Marketing myths and packaging porkies.
I’m above it.
Advertising falls on deaf ears with me.
I’m “immune to the seductions of pseudoscience”.
Or so I’d like to think. But the truth is, despite a career in advertising, I’m as gullible as a fish
(I can’t bring myself to deliver the punch line). Nor can I bring myself to divulge just how recently it was that I finally started to question my long held belief that ‘A Mars a day’ really does ‘help you work, rest and play’.
Yet another moment of self-awareness (and disappointment): maybe these marketing myths have penetrated the psyche. And with my eyes a little more open, I’ve started to realize the multitude of other occasions when I’m being sucked in…
Scouring the supermarket aisles for something that might vaguely pass as a meal, I’m simultaneously being sub-consciously seduced by labels whispering in my ear that they’re “low fat”, have “no added sugar”, are “organic”, so in the trolley they’re chucked with guilt-free abandon.
“Labeling and health claims on packaging are not good guides to healthiness. If the packet says the product is high in fibre or contains whole grains or has added vitamins and minerals, that doesn’t really mean anything, because the product might also contain high levels of salt or sugar or saturated fat. These terms create a halo effect around products to make them appear healthy when they might not be.“ Professor Rayner is clearly more clued up and switched on than I (should have guessed, there is an obvious clue in his title).
So, in my efforts to transform myself from sucker to cynic, I’ve done a little bit of research into the most common – and most notoriously misleading phrases – that manufacturers use on food packaging:
1. Light or lite
To make this claim, a product must contain 30 per cent less fat / fewer calories than the standard version. However, as we well know, a product light on fat can also be heavy on calories by way of added sugar. So “light” shouldn’t be interpreted as “healthy”.
What’s more, a food label may say a product, such as olive oil, is light, but manufacturers have been known to use the term to refer to the flavor rather than the ingredients. Maybe these innocent manufacturers just didn’t realize the label could be misinterpreted?!
For a product to be labeled “low fat” in the UK it must have less than 3g of fat per 100g. But, as above, when producers take out fat they often pile on sugar.
Must contain less than 0.5g fat per 100g, but again, just because it says it’s fat free it doesn’t mean you get a free ride. Big watch-out again for added sugar. What’s more, fat-free is not necessarily desirable anyway, as good fats are essential in a balanced diet.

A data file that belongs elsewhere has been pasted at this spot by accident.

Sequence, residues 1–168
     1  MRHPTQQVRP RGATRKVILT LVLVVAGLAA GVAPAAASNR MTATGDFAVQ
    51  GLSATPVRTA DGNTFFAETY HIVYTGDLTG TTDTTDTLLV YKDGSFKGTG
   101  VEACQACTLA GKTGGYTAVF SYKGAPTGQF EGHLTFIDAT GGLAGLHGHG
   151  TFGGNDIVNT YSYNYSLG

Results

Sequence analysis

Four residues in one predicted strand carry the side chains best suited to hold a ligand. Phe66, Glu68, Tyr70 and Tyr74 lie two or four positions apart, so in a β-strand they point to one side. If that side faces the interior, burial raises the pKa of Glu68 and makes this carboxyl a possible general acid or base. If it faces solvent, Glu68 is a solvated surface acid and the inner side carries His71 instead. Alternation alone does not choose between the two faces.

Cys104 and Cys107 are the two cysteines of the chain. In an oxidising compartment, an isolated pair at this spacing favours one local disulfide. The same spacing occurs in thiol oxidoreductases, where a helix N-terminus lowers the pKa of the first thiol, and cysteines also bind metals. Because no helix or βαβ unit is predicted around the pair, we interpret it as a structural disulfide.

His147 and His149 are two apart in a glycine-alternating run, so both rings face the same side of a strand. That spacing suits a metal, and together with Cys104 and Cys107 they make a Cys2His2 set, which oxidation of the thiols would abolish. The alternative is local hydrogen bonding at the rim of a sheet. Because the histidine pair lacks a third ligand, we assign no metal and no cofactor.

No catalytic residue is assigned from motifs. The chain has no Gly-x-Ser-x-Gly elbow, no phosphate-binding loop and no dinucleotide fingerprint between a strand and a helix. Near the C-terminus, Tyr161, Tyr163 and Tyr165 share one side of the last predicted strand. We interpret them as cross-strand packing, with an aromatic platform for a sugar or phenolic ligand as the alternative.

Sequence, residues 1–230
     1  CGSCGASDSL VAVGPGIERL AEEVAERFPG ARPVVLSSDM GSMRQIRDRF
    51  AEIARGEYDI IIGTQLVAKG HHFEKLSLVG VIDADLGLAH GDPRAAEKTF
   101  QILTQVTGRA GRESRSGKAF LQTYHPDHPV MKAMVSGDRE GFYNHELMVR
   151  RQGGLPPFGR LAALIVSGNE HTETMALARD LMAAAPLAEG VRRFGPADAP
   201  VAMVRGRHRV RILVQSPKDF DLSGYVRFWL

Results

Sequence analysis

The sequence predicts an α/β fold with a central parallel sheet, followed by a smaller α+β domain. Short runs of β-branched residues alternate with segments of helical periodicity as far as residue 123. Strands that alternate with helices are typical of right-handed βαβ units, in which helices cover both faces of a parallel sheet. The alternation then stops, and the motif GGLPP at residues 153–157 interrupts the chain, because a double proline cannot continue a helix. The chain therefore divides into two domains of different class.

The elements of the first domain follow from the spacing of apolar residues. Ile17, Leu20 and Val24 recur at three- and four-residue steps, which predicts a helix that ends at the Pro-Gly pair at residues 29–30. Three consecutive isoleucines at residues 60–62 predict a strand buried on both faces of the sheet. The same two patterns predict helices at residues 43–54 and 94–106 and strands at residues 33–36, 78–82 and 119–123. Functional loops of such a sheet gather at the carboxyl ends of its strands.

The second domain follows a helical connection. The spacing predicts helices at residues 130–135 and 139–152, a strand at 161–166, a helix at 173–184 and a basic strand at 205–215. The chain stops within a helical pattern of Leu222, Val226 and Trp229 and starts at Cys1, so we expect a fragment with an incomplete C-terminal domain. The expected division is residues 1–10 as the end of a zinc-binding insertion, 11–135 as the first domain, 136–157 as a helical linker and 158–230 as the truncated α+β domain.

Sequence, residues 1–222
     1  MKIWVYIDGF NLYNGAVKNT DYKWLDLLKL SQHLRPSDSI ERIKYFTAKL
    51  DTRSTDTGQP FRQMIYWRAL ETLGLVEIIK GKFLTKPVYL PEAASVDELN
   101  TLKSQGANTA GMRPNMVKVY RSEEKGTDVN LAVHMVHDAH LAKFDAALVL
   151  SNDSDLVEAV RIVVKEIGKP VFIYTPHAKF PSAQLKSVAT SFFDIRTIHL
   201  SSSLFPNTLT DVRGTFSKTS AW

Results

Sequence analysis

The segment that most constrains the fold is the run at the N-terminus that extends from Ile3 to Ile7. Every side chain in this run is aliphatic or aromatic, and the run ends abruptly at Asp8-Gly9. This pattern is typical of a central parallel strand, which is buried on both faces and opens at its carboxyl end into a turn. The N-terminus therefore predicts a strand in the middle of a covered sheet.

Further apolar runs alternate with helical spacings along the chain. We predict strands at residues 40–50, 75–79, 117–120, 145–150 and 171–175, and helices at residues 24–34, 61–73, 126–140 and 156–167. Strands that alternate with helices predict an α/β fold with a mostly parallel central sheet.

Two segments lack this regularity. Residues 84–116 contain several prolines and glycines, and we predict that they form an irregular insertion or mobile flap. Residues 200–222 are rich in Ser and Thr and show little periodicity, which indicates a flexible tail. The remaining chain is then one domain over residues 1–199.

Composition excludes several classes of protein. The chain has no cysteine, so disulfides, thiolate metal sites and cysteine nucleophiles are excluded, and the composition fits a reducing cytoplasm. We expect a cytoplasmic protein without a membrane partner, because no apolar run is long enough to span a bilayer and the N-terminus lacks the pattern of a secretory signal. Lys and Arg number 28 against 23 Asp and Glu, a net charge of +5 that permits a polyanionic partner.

4. No added sugar
OK, so whilst this means a product can have no sugar added, it does not necessarily mean a food has a low sugar content. Sugar is found naturally in loads of foods, esp fruit. Companies use fruit juice concentrate as a sweetener as it does not have to be labelled as "added sugar", but it is essentially sugar.
Multigrain – no thank you – not good enough. Look for whole grain or 100% whole wheat. Whole grains have more fiber and other nutrients than those that have been refined. Paradoxically, the ‘refining’ process strips away the healthiest portions of the grain.
And don’t go by colour alone: some darker breads have caramel coloring and are no healthier than highly refined white breads.
It’s very easy to fall into the trap of thinking that organic is synonymous with healthy. But organic certification does not guarantee nutritional quality of food – it just guarantees the production methods. Of course organic food can still be packed full of fat, calories, and sugar. Having said this, there are definitely times when I do definitely opt for organic, but more on that another day.
So where do we go from here? Maybe we should adopt the Australian system, where packaging has a "nutritional profile that rates a food’s overall healthiness on a scale from ½ a star to 5 stars. The high-starred foods are quite clearly the better nutritional choice". Not a bad idea? Failing that, I guess just keep cooking….small plug for Hello Fresh here…ingredients and recipe cards delivered to your door so you know exactly what’s going in your grub. Finally, just check the ingredients label on the back. And to prevent you over-stretching your cognitive load in the process, here’s a reminder of the guidelines:
High: more than 17.5g of fat per 100g
Low: 3g of fat or less per 100g
High: more than 5g of saturated fat per 100g
Low: 1.5g of saturated fat or less per 100g
High: more than 22.5g of total sugars per 100g
Low: 5g of total sugars or less per 100g
High: more than 1.5g of salt per 100g (or 0.6g sodium)
Low: 0.3g of salt or less per 100g (or 0.1g sodium)
So, enjoy being superior folks. Rise above the marketing myths and packaging porkies. No excuses now...
I am not a dietician or a nutritionist, and make no claims to the contrary. What is written on this site should not be taken as fact or advice. It is merely an opinion blog.